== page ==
first. It’s really rare to be able to catch things like that. I
was really, really lucky.”
architecture in Nye Beach is conducive to intriguing photos at sunset
The phenomenon usually
appears as a tiny tip of the sun appearing green just a few seconds before
it’s gone. The shape is sort of oblong, while flattened at the bottom.
There are other types of green flashes that appear in other shapes, slightly
longer periods or other colors such as red, violet or blue.
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Trusty caught one
of the more rare types, called the green ray, where shafts of darkly colored
sunlight spring out from clouds or coastal fog. This is even more significant
because the green ray is rarer than the other forms, and even rarer still
are instances where this occurs while banks of clouds are in the way.
Normally, forms of the green flashes only happen with clear and unobstructed
views of the sunset.
According to one website
created by Andrew Young of San Diego University, if you know what
to look for, these phenomenon are not that rare at all, but it can be
seen in “most sunsets,” as Young put it.
effect is the result of refraction in the atmosphere. In very simplified
terms, longer bandwidths of light get knocked out by atmospheric conditions
until you’re left with just green – or whatever color is the
result of this situation. Basically, the path between your eye and this
portion of the sun are filled with just the right conditions to cut out
these colors of the sunset.
This happens almost
as often with sunrises as well. Mostly what is needed is a clear, long
path between you and the sunset for this mirage to appear, such as a desert
or body of water like the ocean.
In the meantime, Trusty
and his Village Market & Deli have been getting some notoriety for
the photographic catch. He’ll soon be on the Oregon
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oceanfront Jacuzzi suite has two bedrooms, kitchen, double hide-a-bed,
fireplace and private deck, sleeping as many as six. For family
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to create two-room and three-room suites. Some rooms pet friendly.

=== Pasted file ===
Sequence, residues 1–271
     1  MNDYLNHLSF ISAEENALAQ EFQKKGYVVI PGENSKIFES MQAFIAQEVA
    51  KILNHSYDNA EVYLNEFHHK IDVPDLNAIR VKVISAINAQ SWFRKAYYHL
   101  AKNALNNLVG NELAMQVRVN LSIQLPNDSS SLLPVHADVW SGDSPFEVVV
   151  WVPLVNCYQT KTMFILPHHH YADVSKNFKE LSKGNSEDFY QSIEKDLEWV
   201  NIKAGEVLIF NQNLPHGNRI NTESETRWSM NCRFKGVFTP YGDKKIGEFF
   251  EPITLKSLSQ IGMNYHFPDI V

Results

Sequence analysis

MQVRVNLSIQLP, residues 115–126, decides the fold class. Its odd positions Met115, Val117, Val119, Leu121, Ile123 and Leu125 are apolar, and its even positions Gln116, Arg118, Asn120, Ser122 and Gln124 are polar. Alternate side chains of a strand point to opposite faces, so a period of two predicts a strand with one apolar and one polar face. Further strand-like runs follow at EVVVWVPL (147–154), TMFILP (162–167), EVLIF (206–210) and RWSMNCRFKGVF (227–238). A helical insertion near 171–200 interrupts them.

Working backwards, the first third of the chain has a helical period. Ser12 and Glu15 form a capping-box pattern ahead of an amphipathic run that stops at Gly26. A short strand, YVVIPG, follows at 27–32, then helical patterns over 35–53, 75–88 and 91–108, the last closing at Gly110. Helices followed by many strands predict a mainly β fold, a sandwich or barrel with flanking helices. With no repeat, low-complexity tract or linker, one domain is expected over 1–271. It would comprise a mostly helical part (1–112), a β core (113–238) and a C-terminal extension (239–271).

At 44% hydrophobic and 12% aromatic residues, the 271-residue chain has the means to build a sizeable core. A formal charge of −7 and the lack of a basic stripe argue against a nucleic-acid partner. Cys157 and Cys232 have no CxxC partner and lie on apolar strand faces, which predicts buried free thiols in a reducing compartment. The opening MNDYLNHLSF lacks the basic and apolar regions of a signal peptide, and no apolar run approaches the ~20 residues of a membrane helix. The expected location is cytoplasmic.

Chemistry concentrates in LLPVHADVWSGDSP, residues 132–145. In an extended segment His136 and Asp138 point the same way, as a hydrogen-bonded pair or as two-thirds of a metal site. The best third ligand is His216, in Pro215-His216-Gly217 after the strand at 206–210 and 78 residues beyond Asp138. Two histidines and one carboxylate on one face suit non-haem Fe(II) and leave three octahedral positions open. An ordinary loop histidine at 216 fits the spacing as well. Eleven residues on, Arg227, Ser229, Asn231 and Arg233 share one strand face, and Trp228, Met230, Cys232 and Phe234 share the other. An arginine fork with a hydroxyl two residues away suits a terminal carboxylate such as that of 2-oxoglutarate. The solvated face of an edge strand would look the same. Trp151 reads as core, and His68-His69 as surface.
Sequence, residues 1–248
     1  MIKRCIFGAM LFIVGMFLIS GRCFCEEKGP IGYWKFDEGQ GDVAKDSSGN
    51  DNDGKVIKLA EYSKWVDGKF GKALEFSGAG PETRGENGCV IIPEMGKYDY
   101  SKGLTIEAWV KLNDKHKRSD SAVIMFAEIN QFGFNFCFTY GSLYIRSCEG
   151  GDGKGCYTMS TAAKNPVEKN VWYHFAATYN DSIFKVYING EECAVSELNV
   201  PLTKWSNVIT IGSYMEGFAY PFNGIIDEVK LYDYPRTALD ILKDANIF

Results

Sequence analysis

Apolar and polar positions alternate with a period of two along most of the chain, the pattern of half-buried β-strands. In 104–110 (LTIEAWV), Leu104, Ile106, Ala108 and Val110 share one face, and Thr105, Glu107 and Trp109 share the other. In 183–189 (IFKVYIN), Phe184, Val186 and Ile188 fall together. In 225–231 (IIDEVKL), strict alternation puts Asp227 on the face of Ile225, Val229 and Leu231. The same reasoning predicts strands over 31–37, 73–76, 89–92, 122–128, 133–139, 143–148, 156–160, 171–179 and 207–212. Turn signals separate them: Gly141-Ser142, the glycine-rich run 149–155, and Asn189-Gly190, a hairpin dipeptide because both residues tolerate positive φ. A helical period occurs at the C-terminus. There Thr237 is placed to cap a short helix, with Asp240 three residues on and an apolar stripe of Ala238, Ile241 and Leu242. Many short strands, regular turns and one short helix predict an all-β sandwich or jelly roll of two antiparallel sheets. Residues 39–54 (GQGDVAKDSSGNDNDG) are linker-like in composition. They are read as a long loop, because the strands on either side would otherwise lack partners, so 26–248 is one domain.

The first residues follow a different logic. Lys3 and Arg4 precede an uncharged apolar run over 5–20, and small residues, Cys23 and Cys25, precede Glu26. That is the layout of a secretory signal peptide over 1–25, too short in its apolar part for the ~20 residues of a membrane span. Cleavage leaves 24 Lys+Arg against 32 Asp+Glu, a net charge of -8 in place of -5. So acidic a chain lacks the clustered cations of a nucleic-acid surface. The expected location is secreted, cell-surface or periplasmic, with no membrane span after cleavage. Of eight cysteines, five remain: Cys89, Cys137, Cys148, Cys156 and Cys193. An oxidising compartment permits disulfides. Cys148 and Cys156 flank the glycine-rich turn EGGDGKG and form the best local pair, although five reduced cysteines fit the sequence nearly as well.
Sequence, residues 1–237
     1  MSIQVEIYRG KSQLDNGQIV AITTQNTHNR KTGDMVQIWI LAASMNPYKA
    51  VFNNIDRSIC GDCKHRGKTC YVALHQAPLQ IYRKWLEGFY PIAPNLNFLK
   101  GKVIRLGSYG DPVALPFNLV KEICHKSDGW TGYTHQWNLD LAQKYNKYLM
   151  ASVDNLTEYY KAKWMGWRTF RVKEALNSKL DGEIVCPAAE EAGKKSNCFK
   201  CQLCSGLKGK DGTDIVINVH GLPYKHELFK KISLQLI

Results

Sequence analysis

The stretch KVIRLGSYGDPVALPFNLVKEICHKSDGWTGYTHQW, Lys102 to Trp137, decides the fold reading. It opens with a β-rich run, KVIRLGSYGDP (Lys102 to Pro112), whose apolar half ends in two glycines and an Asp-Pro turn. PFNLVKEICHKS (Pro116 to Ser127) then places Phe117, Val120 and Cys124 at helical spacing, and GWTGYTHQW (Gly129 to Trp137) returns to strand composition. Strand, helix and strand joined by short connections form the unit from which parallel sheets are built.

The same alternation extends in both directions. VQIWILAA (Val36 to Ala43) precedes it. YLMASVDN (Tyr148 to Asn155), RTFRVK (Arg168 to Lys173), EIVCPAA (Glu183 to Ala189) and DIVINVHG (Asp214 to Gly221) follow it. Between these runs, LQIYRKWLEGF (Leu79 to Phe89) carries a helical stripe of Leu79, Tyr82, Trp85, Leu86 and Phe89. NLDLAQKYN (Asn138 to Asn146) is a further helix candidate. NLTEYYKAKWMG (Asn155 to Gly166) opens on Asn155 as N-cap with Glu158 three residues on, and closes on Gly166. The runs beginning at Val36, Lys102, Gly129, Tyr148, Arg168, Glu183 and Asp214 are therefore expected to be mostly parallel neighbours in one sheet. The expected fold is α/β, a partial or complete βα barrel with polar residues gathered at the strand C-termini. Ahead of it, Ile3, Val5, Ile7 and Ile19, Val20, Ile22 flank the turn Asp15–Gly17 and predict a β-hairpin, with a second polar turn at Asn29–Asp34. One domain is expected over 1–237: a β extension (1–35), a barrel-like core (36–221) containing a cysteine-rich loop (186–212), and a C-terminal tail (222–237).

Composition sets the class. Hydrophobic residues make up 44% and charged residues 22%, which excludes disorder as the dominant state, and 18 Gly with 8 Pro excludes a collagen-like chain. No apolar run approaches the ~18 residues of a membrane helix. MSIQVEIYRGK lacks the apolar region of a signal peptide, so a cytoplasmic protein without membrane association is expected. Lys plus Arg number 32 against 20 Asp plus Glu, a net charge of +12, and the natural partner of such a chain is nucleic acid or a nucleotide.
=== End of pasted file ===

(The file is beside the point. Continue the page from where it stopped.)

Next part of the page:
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Ocean Lodge. There will not be another property built
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book collection. Pet and family friendly. Lavish continental buffet
breakfast. In-room fireplaces, mini-kitchens. Jacuzzi tubs in select
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888-777-4047. 503-436-2241. 2864 Pacific Street. Cannon Beach, Oregon.
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Cape Property Services.
Dozens of homes in that dreamy,
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Cape. Oceanfront and ocean view , or just a short walk from the
All homes are immaculate and smoke free; some pet friendly (with
a fee). Some with broadband, indoor or outdoor hot tubs, fireplaces,
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here for video of Dec. storm aftermath
Coast Best of Awards for the Year And the winners
are: best of Oregon coast restaurants, lodgings, science, odd events
in nature and stunning moments for 2007
Transformations of Oregon Coast Beaches Seasons change
and so do beaches, revealing different sides and a variety of eye-popping
Found on Oregon Beach May Be 80,000 Years Old - They
are the remnants of a forest apparently 80,000 years old, found at Hug
or Night Mysteries and Merriment on Oregon Coast It's
more than just nightlife that comes to life, but the beaches offer major
Coast Travel Site Goes Wireless Provides Lodging Reports
- Oregon Coast Beach Connection now has mobile lodging and dining listings,
along with weekly lodging availability reports
coast mileage chart & map
trips, suggested itineraries
for Oregon Coast Subjects, Articles
Coast Real Estate
Things to Do
Coast Complete Guides (every beach access,
TAKE THE VIRTUAL TOUR
Where the Columbia meets the Pacific,
Land of Lewis & Clark and loads of atmosphere & history
The Promenade, Tillamook Head, family
fun & broad, sandy beaches
A mysterious lighthouse, upscale
yet earthy, a huge monolith, fine eateries & an art mecca
Manzanita's beaches, Nehalem and
Wheeler's quirky beauty; laid back Rockaway
Garibaldi, Barview, Bay City, Tillamook
& an oceanfront ghost town
The hidden secret of the coast: Cape
Meares, a lighthouse, Oceanside, Netarts and Pacific City
A spouting horn downtown, freaky hidden
cliffs and whales, whales, whales
Time-tripping Nye Beach, a bustling
bayfront, marine science-central and two lighthouses
Constantly dramatic wave action, a mix of the rugged &
A lighthouse, ancient bayfront and miles and miles of fluffy